PORTLAND, Maine (AP) -- A federal judge has dismissed the latest charges against a former Republican official who was cleared of taking part in a plot to jam Democratic phone lines in New Hampshire on Election Day 2002.
District Judge George Singal agreed with attorneys for James Tobin and ruled on Wednesday that bringing new charges against the former GOP political organizer qualified as a vindictive prosecution.
The vindictive prosecution doctrine places constitutional limits on prosecutors' discretion. Singal said those limits were exceeded in Tobin's case.
The judge's decision came less than two weeks after a hearing on a motion by Tobin's attorneys to dismiss the indictment against Tobin.
Tobin was indicted in October by a federal grand jury in Portland on two counts of making false statements about the phone-jamming incident to an FBI agent.
Tobin, 48, was convicted in December 2005 by a federal jury in Concord, N.H., of being part of a conspiracy to jam get-out-the-vote phone banks run by state Democrats and a nonpartisan firefighters union on Election Day 2002.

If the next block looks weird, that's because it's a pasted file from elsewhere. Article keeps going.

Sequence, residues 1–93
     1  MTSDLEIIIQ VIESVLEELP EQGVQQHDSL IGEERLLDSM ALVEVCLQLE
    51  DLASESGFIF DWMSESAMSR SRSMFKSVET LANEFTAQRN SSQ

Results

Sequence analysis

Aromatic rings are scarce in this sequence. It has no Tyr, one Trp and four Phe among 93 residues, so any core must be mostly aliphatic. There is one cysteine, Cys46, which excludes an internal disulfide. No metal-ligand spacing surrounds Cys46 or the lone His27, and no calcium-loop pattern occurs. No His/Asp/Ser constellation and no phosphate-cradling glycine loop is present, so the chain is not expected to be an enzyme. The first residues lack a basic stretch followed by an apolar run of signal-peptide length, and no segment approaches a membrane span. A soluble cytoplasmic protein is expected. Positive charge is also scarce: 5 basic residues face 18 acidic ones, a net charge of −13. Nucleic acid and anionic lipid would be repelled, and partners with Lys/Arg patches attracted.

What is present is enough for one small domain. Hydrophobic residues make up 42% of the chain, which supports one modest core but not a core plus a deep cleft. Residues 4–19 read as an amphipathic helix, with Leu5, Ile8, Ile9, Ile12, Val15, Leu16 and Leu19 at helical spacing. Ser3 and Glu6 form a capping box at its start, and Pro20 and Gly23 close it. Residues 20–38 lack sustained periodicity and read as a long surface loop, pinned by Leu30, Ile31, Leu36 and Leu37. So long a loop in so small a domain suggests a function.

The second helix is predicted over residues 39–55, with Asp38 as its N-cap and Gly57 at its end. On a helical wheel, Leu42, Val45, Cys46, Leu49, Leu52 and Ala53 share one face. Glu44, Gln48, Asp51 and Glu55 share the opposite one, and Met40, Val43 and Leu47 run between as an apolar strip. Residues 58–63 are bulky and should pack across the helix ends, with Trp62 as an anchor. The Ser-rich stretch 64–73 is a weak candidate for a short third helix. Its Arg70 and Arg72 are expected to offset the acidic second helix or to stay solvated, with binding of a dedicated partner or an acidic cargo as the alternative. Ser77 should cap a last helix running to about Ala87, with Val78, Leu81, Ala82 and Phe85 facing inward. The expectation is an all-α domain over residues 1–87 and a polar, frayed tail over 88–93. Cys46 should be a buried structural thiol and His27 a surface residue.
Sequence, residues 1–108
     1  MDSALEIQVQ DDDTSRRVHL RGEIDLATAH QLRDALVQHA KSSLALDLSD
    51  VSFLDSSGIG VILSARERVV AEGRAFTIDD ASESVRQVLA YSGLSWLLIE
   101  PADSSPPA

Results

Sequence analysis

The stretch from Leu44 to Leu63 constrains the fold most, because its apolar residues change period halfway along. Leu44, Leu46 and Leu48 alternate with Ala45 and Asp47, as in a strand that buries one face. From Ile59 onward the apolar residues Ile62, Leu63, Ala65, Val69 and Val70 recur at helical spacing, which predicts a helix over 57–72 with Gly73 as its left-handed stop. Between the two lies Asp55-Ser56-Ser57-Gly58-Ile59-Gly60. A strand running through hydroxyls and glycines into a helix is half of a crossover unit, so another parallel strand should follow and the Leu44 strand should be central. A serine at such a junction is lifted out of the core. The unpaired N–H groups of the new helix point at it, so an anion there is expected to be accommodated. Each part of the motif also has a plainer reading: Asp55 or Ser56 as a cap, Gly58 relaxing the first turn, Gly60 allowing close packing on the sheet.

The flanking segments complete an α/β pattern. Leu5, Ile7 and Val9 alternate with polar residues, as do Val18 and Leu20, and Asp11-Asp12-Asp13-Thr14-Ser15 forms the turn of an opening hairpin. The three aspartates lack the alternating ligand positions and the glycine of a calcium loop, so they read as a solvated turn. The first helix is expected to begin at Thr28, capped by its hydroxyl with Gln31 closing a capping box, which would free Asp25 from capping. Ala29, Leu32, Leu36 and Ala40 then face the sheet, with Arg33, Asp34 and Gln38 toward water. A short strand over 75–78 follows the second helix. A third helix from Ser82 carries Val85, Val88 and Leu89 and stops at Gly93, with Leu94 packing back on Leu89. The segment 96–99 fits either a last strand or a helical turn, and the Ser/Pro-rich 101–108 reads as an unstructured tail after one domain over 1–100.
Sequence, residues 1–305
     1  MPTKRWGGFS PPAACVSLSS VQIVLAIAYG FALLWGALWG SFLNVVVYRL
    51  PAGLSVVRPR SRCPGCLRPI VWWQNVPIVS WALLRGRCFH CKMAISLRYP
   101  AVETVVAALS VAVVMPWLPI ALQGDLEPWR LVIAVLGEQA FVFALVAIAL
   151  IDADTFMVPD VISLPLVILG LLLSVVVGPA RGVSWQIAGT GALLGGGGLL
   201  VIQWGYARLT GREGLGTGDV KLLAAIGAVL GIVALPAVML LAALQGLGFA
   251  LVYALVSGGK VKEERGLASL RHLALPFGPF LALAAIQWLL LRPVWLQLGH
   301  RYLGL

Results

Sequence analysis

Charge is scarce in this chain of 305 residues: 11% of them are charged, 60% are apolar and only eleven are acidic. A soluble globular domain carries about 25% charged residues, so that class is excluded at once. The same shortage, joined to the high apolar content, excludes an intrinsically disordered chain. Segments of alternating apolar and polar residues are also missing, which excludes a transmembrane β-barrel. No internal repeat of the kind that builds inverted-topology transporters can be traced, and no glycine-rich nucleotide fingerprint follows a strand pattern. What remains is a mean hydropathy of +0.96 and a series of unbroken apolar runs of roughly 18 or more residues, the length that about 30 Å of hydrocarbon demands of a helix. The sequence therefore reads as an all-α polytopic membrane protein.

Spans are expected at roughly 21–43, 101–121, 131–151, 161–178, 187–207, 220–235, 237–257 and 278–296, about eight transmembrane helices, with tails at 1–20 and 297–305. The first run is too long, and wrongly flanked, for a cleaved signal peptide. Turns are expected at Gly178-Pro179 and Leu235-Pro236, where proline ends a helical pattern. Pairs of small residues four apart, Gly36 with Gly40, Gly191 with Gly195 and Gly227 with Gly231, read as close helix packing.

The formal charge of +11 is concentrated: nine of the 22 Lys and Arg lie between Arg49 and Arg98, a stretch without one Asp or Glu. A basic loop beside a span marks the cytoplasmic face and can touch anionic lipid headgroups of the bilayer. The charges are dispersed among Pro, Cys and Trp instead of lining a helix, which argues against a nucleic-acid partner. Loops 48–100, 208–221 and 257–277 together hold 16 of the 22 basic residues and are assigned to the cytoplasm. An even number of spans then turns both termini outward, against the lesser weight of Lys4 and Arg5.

Republican Rep. John Sununu defeated then-Gov. Jeanne Shaheen, a Democrat, in a close Senate race that day.
At the time, Tobin, of Bangor, was a regional director for the Republican National Committee. He was acquitted on the more serious charge of violating residents' constitutional right to vote.
In 2007, the 1st U.S. Circuit Court of Appeals in Boston overturned his conviction on the phone jamming charge, ruling that the telephone harassment statute was not a good fit for what Tobin had been convicted of doing. As it became clear to prosecutors that Tobin's acquittal would be upheld by the 1st Circuit, the government decided to pursue false statements charges.
"This will not do," wrote Singal.
"A loss on appeal may occasion the consideration of new charges, but it cannot justify the government's decision to bring those charges. To rebut a presumption of vindictiveness, the government must offer more," the judge said in his ruling.
The judge said that reasons given to rebut a presumption of vindictiveness, such as newly discovered evidence or intervening criminal activity, were absent in this case.
Prosecutors have two weeks to decide whether to appeal the decision.
Calls seeking comment from the U.S. Attorney's office in Portland were referred to a Justice Department spokesman in Washington, Andrew Levchuk, who did not immediately return a message.
Information from: Bangor Daily News, http://www.bangornews.com